-12 Months- 12 Eco Changes- Making An Eco Swap Of Fast Fashion

Month 11- November it’s Fast Fashion

Background…..

As when I decided to go Vegan back in 2013, I started with the food, gradually as I did the next shop I swapped over the milk and butter and cheese, we obviously stopped eating or buying any meat but finding substitutes didn’t happen over night.

My husband Peter then joined me a few months later as he felt better not eating meat every day, every meal as it was me shopping & cooking the food we all ate.

Our kids were young at the time 3, 5 & 6 so swapping the younger 2 over wasn’t a big deal as they were at the stage of trying different food out all the time anyway. We also found after eating dairy they would throw up later in the day, so it was easier to just look for the V vegan sign on food than to keep checking for non dairy products for them.

Clayton, being Autistic had (and still has) a self limiting diet of dry brown or beige finger foods only so he wasn’t included in our switch, getting him to just eat was a struggle in its self.

Anyway…..my point is, nothing happens over night, going Vegan we started with food, it then progressed onto products, clothing, shoes, coats, linen, furniture, now we chose items without a second thought.

This progressed onto what was happening on our land and led us to permaculture, principles & design. Permaculture principle No6 is: Produce No Waste. This is the overall aim.

Just making 1 swap starts to make a difference to our planet. What could you do today?

Simple swap of fast fashion & looking at other alternatives

We (I) have always been very savvy with clothing & shoes especially when you have 3 kids in 3.5yrs, they pretty much all end up the same size which means there are rarely hand-me-downs and 3 sets of the same things bought all in the same sizes every year!!

Here’s a few things we do, not really just this month it’s an ongoing lifestyle we’ve been living for over a decade because you can only wear 1 pair of shoes, 1 coat at a time! But certainly worth taking up an eco swap month to talk about it.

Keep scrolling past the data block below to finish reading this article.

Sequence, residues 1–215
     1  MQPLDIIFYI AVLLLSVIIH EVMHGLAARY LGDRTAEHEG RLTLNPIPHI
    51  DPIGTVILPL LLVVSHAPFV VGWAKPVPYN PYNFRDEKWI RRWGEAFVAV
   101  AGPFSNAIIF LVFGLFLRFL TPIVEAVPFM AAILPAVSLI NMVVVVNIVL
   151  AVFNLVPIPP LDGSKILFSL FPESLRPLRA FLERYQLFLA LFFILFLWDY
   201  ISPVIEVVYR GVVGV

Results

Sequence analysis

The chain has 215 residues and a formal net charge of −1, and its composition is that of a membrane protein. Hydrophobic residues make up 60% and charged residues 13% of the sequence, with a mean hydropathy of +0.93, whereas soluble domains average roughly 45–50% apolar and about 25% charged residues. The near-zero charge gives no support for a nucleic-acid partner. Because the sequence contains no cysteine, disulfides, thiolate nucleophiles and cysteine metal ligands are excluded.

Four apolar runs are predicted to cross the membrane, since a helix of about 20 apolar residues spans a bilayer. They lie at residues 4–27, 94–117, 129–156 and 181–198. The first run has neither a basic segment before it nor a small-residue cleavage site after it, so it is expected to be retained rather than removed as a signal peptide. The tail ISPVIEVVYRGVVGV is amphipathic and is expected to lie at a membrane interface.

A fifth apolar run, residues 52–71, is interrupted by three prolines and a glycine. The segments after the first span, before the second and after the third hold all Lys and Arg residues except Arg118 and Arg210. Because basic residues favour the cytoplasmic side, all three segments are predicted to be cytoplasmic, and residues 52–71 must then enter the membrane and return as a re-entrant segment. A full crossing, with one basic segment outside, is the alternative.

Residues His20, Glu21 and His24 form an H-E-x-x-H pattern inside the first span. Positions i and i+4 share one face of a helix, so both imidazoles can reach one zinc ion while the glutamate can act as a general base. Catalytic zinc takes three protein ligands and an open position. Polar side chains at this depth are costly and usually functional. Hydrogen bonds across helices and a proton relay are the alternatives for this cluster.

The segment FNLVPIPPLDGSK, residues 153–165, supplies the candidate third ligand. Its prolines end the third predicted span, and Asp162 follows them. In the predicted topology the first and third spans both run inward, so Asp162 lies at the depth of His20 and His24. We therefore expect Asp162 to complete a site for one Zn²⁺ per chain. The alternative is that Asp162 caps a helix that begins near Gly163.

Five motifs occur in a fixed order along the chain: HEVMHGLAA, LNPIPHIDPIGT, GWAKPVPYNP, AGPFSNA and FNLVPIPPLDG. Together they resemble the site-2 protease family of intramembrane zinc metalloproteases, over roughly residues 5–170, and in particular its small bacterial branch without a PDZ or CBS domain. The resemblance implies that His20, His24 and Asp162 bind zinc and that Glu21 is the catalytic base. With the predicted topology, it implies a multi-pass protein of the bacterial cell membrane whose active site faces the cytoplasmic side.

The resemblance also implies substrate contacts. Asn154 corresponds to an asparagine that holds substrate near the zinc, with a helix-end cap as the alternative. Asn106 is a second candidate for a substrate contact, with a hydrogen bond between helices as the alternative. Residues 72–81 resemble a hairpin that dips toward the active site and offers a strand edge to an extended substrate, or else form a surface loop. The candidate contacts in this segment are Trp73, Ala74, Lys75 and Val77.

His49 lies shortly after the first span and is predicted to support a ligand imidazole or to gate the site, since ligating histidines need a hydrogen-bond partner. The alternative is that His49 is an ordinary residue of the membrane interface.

So here are 3 ways you can look at the way you buy & wear items

First: You don’t need to have loads of items

Limited Clothes & Shoes

I’ve always kept shoes for everyone to 4 pairs. Shoes only get replaced when they grow out of them or in our case as adults when they wear out.

– Smart – School/Work or Social

– Trainers for Sports

– Wet shoes -Wellies or Snow boots

– Dry shoes – Sliders or crocs

Every pair of shoes in the house for 5 of us.
Peter literally only has those 2 pairs on the top!

Clothes are kept to a minimum too. Key is keeping it basic & just add layers

What’s in Clayton’s wardrobe right now

Second: You don’t have to buy everything new

Buy from ebay & sell them back on ebay

Ever since the kids were tiny I would buy bundles from ebay, use them & put them back on, to sell. They were barley in them for 6mths & still useable. I’d use that money to buy the next set of items

I still do this with hoodies & zip up hoodies. There are always GAP hoodies on there for £3.00-£5.00 & the next year when we need to size up they go back on & next ones bought or I just buy larger over sizes ones now that last a few years before I change them up

This style of recycling-reusing not only saves money as you are selling to buy the next ones, it saves being part of the fast & disposable fashion cycle.

Wearing their GAP coats
Younger wearing GAP coats

Third- You can make your own clothes

Tied Dying & Crocheting

We’ve been tie dying for a good 4-5 years now. I get the £1-£2 plain white tshirts either from the back to school packs in supermarkets, primark or ebay.

We then buy a pack of coloured dye & the kids all make their own tops for the year. YEP THE WHOLE YEAR. They have 6 each and that’s all they wear. You’ll see these all across our instagram accounts

Katrina & Clayton – BuildingAFoodForest_Scotland

Katrina & Eliza – OurCrochetLife

Katrina & Riley – OurVeganFoodLife

Here’s some over the years, which they love wearing as they made them themselves. Great way to be creative too.

At the end of the year they get either gifted to friends & family if no holes in them & ones that are no longer wearable get cut up to make other things like hair scrunchies, ties for the garden to hold things up, long ribbons to tie up gifts. We can always find uses for them, they are never wasted or thrown away.

Clayton doing his own tshirts a few years ago
Kids this Summer out at the park in their tshirts

Eliza & I started Crocheting this year to make wearables

The thing about making your own clothes out of yarn is:

1. You can make them to fit yourself perfectly

2. When you’ve grown out of it or just had enough of it, you just unravel it & make something else

You can see a section of cardies & jumpers we’ve made this year on our instagram OurCrochetLife

3 ways we reduce the fast fashion cycle

There is only 1 reason this month to make some swaps

1. The whole reason is to stop extra waste coming out of the household.

🌳Permaculture Principle No6 – Produce No Waste

🌱Vegan Living- To Do No Harm

👣🌎Small steps is better than none at all! What small change could you make this year? Could you look into your items too?

What changes could you make to reduce your overall waste of clothes & shoes?

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Published by buildingafoodforestscotland

Building a Food Forest -Scotland Edwardian 1903 Home & Garden in Scotland Planting With Permaculture Design

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